15 July 2014

"Music Turns Everyday Banalities into Transcendent Pearls"

I haven't seen John Carney's most famous film, Once, although I do have and love the soundtrack. Its IMDb summary does sound fairly similar to that of his latest film, Begin Again, which stars Keira Knightley and Mark Ruffalo:

Once: A modern-day musical about a busker and an immigrant and their eventful week in Dublin, as they write, rehearse and record songs that tell their love story

Begin Again: A chance encounter between a disgraced music-business executive and a young singer-songwriter new to Manhattan turns into a promising collaboration between the two talents.

Nonetheless, I really enjoyed Begin Again and will try to check out its less posh predecessor. As Begin Again opens, Greta (Knightley) and Dan (Ruffalo) are both having nightmare days. Greta has just found out that her boyfriend Dave (Adam Levine) — who is also her musical partner who has recently been signed up to a big record label — has been cheating on her. She leaves him and crashes with her busker friend Steve (James Corden) in his grungy New York apartment. Steve drags her to an open-mic night and at the end of her set forces her to play one of her songs. It's a good song but isn't very well received by the audience. Meanwhile, one-time hotshot record exec Dan manages to lose his job and the respect of his teenage daughter (Hailee Steinfeld) in a single day. He has no permanent home but drives around Manhattan in a ridiculous vintage Jag, listening listlessly to CD submissions and desperately trying to find the next big thing.

Drunk and lonely Dan rocks up in the same bar in which Greta is playing. We see this scene twice: once from Greta's point of view and again from Dan's perspective, where he loves the song and imagines what it could become with accompaniments and post-production. Dan tries to sign her up to his (now ex-) label, she rebuffs him, saying she just likes to write songs because she enjoys it. But they go to a bar and talk some more, fight some more, and he persuades her to postpone her flight back to the UK for a few days while she shows Dan's partner at Distressed Records, Saul (Mos Def), her stuff.

It turns out that Saul isn't too keen but he tells Greta to put together a demo and he'll give her another shot. Instead of renting a studio, Greta and Dan decide to record an album at various outdoor sights around Manhattan, from the boating lake in Central Park, to a back alley in the Lower East Side, to a rooftop next door to the Empire State Building. They recruit a series of musicians, including Steve, a couple of Juilliard students, a former ballet-school pianist, some local kids and even Dan's daughter Violet. They have fun and the music sounds great.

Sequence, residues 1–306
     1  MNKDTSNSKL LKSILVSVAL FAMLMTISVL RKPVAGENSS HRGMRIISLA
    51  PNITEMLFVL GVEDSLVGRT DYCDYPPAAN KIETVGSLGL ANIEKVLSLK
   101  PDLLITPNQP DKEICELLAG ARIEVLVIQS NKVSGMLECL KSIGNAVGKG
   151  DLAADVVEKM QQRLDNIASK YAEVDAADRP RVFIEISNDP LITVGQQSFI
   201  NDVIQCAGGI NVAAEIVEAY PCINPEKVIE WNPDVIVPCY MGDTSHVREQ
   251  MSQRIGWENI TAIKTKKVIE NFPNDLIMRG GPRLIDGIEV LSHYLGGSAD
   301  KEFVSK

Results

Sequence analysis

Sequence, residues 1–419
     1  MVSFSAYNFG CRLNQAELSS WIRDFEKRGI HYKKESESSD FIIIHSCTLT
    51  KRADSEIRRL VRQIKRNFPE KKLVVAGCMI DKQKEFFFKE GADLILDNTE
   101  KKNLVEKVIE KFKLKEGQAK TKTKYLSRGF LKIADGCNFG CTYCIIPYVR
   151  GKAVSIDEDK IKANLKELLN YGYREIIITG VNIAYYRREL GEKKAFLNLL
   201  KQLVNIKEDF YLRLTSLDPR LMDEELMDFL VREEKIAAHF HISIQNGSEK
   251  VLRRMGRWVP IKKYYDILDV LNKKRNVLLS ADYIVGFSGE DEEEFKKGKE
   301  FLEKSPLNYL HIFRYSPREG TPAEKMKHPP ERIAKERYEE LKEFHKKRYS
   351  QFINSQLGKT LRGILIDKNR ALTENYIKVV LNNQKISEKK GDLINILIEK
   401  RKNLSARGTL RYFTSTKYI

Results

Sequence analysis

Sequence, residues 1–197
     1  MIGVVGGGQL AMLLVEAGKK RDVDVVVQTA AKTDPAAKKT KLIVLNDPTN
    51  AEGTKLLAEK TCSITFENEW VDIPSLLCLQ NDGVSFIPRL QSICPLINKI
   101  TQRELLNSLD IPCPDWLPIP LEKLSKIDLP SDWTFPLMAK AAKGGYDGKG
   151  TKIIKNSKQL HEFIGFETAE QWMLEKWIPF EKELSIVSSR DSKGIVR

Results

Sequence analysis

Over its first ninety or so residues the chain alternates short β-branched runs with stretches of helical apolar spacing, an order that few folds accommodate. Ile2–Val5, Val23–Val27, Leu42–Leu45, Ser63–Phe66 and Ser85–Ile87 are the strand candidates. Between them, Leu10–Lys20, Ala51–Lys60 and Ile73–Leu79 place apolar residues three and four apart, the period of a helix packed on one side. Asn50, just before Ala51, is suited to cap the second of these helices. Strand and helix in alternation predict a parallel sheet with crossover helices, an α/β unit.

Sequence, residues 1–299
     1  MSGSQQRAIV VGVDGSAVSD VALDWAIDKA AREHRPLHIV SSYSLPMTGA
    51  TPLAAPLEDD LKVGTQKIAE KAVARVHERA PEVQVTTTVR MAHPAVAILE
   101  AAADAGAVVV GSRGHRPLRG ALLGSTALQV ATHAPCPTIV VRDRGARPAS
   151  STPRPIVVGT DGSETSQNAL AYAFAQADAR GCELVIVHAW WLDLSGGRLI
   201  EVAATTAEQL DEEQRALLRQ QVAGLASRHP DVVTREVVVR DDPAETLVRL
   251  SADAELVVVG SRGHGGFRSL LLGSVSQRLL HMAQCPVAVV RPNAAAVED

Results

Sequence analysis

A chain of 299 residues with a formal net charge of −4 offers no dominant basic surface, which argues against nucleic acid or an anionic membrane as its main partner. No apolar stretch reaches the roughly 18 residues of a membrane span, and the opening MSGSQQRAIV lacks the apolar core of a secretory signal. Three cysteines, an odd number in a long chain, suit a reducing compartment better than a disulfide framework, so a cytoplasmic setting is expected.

Meanwhile Dan and Greta get to know each other better, and a friendship — and maybe more — develops between them. But Greta is still processing her feelings for Dave, who is off on tour being a Big Time Musician, and Dan's relationship with his estranged wife Miriam (Catherine Keener) isn't exactly past tense, either.

Although the phrase 'feel-good movie' usually sends my inner cynic into overdrive, you do come out of Begin Again feeling really upbeat and energised. Knightley, as the uptight, introvert Brit who finds a new confidence in her talent and in herself, is really good, although it's Ruffalo's performance as the drunk, depressed loser who is trying to get back on track that carries the film, and Keener is always fun. As with Once, the songs are great too, my favourite being the screw-you song that Greta makes up and then leaves as a voicemail message on Dave's phone while he is picking up a Grammy. No, Begin Again doesn't really break new ground but it won me over, especially because it's as much of a love story with New York as with music and among the main characters.

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